Science proves swearing means you’re smarter

© Kai Pfaffenbach
A new study has found that those who have a tendency to swear probably have a wider vocabulary than those who don’t.

The study, which has the lengthy title ‘Taboo word fluency and knowledge of slurs and general pejoratives: deconstructing the poverty-of-vocabulary myth’, was published in the November issue of the peer-reviewed Language Sciences publication.

"We cannot help but judge others on the basis of their speech," the study reads. "Unfortunately, when it comes to taboo language, it is a common assumption that people who swear frequently are lazy, do not have an adequate vocabulary, lack education, or simply cannot control themselves."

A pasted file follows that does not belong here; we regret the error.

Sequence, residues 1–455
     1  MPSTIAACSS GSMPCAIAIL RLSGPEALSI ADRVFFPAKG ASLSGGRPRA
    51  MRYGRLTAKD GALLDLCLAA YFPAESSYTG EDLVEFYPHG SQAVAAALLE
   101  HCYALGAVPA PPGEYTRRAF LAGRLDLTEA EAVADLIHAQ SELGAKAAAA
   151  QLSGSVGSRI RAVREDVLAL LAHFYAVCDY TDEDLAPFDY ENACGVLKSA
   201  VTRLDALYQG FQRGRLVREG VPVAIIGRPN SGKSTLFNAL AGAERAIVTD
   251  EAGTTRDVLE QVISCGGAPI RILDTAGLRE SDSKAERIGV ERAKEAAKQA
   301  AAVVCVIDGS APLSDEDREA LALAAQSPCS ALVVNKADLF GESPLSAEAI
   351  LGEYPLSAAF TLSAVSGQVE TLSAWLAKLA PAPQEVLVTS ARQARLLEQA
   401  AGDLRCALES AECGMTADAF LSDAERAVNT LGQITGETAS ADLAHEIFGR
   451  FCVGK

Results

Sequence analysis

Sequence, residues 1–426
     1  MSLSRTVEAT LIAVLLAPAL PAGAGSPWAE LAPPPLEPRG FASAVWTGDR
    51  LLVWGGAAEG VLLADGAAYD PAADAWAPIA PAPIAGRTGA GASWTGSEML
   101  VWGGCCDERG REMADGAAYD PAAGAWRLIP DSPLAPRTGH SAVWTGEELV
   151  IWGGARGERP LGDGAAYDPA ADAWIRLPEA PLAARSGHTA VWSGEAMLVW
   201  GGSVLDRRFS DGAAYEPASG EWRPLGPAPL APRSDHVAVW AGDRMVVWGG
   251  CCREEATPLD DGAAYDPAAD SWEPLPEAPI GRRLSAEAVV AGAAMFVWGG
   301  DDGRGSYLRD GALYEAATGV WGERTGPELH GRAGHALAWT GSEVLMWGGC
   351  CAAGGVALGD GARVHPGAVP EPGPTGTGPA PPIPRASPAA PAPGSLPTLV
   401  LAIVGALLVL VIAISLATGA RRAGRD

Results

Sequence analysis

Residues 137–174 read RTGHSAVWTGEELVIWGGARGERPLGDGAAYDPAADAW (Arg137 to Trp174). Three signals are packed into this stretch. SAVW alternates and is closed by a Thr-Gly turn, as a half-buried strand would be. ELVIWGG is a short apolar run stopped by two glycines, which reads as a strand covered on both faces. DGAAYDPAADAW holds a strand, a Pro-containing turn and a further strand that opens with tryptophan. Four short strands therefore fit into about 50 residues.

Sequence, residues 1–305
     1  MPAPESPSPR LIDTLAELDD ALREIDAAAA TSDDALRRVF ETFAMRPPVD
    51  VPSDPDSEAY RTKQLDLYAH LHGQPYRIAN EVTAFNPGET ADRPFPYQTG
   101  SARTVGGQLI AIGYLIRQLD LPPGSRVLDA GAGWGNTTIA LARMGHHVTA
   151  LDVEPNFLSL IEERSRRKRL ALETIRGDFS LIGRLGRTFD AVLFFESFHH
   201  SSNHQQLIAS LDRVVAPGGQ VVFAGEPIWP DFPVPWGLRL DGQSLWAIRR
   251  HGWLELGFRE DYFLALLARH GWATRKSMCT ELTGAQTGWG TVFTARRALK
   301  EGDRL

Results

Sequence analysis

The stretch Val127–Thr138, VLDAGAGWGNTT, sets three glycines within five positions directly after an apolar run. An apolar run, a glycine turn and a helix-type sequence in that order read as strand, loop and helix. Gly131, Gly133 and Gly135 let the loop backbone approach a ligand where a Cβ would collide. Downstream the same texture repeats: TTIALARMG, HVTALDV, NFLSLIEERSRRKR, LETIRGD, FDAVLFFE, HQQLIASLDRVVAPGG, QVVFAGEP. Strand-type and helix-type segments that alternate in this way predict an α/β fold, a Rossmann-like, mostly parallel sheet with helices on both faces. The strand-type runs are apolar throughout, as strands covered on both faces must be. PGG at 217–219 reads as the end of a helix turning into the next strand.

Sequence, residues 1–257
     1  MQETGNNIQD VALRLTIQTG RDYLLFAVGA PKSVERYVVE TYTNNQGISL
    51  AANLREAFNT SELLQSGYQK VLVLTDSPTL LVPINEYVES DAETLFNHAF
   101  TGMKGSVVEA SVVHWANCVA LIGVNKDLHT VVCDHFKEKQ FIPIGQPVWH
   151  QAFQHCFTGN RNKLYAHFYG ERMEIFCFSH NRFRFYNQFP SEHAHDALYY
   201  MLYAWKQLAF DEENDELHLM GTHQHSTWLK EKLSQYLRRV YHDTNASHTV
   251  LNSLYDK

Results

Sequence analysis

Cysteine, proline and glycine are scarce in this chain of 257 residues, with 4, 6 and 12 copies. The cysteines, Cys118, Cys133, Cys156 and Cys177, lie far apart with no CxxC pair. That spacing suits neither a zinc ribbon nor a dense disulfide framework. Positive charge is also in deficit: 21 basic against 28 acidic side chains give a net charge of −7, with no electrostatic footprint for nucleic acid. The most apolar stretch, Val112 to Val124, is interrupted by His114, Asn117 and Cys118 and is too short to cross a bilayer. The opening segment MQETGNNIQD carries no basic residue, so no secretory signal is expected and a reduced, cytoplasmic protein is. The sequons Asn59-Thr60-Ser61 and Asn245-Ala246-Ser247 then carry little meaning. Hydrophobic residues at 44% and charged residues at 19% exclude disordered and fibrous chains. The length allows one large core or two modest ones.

Researchers wanted to show that the opposite was true and did so through a number of word fluency tests.

Participants were given one to two minutes to list as many “curse words or swear words”. This was then compared to when subjects were asked to list off as many animals and “emotionally-neutral” words in the same time frame.

The research’s primary findings are that people who swear do not lack vocabulary and are actually more likely to have a wide lexicon. "People who swear aren't necessarily otherwise inarticulate," researchers say.

The study also shows that people who are fluent in swearing are more likely to be neurotic and open while they’re less likely to be conscientious and agreeable. No relationship between how religious someone is and how much they swear was found.